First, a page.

When I was 20, I spent a semester in the beautiful French city of Strasbourg, located in the Alsace-Lorraine region (awesome white wines). It was an incredible cultural and language immersion experience, and I felt so lucky in that I had a host family that I genuinely adored. As a result, we got to chatting quite a bit.
My host mother and I used to sneak out of the window after dinner to have “une petite cigarette” – which inevitably turned into a multitude of cigarettes – and I think that it was these exchanges that really began to push my understanding of the French language.
Something that’s always cracked me up, that I initially discovered with her, was that when I came to a standstill and didn’t know how to express something, I found that I could often take the English word and ‘French it up’ a bit. Toy with the accent, add an “ey” sound at the end…it often works.
What is truly fascinating is that, linguistically speaking, this is in fact a really historically relevant phenomenon.
If you like your fries freedomed and not frenched, you might be appalled to learn that the French culture has influenced you so completely that you ALREADY SPEAK FRENCH. It’s true!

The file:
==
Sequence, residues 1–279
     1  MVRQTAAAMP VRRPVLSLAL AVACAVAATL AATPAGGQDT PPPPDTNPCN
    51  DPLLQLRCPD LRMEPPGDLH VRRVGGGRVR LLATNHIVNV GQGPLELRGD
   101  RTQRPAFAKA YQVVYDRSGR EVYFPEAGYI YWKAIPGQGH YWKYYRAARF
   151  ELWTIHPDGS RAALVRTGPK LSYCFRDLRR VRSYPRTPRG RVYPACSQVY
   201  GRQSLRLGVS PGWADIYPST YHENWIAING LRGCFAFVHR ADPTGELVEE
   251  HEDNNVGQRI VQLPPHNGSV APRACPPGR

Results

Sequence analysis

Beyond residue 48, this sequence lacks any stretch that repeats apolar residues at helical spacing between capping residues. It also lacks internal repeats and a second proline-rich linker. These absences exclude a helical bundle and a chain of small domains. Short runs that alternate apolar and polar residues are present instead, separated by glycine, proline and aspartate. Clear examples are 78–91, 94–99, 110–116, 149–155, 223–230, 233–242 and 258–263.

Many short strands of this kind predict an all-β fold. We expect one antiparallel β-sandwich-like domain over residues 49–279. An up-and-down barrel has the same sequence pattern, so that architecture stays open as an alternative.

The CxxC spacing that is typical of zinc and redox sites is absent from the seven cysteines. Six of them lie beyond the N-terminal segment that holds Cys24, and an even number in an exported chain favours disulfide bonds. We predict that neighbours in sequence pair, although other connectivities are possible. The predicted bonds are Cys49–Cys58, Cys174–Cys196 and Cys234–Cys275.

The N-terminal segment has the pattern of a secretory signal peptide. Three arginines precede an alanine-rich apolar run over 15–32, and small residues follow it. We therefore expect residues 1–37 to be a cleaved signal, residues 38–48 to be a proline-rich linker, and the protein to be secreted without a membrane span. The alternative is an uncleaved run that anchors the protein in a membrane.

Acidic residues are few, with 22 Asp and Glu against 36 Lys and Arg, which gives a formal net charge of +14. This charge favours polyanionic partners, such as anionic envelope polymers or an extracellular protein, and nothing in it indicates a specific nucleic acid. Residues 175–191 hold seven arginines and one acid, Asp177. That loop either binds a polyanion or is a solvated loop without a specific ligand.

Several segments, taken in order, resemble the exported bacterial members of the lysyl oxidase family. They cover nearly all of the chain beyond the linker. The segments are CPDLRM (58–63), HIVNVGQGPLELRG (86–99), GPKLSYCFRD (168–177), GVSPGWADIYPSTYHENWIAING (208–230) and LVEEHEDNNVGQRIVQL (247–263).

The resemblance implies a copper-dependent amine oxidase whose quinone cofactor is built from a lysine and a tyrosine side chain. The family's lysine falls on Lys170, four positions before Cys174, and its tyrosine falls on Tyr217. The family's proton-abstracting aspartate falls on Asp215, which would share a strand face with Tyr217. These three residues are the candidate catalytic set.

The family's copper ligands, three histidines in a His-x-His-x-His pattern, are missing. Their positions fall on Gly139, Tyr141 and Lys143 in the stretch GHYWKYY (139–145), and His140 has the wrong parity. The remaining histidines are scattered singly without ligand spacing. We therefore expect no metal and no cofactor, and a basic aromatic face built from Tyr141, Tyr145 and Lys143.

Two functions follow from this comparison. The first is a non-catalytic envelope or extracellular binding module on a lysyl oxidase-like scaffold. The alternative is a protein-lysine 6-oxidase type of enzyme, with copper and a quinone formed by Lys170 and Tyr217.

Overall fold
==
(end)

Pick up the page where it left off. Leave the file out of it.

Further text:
In fact, the Norman conquest of 1066 denotes the final significant evolution of the English language.
super awesome tapestry:
When William the Conquerer took over as the King of England, French became the official language of culture, government, and the court for the next 300 years. Something like 10,000 words were adapted into the English language, and interestingly, English itself was demoted to less prestigious uses – which continues to strike me as a very French thing to do.
William da Conquerer:
What’s even more fascinating is that we’ve never completely rejected this foreign lexicon, although some of the words have been modified somewhat. However, despite their various changes, that implied fanciness is often there. Imagine eating at a high class restaurant: the menu would inevitably read “poultry” (derived from ‘poulet’), and never chicken. A cultural elitist at the ‘theatre’ might think that production was ‘droll’. I can go on and on.
And some of my personal favorites, just so you know, include ‘art nouveau’ (fine, a modern concept, but you catch my drift) and ‘au jus’. These are important.
When you really consider language and its implications, it’s terribly fascinating. As someone who’s never been a particularly big history nerd, it was a revelation to learn that something that might have otherwise bored me to tears has had a tremendous impact on me personally, even if it happened nearly 1000 years ago.
VIVE LA FRANCE!
À la prochaine!